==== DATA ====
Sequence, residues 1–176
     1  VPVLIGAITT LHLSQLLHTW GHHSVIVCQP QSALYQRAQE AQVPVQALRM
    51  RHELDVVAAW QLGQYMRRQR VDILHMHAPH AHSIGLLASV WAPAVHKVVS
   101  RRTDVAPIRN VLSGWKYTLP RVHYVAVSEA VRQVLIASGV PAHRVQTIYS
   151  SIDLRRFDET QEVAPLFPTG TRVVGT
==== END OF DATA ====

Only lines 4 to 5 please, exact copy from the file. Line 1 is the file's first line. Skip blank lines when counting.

   101  RRTDVAPIRN VLSGWKYTLP RVHYVAVSEA VRQVLIASGV PAHRVQTIYS
   151  SIDLRRFDET QEVAPLFPTG TRVVGT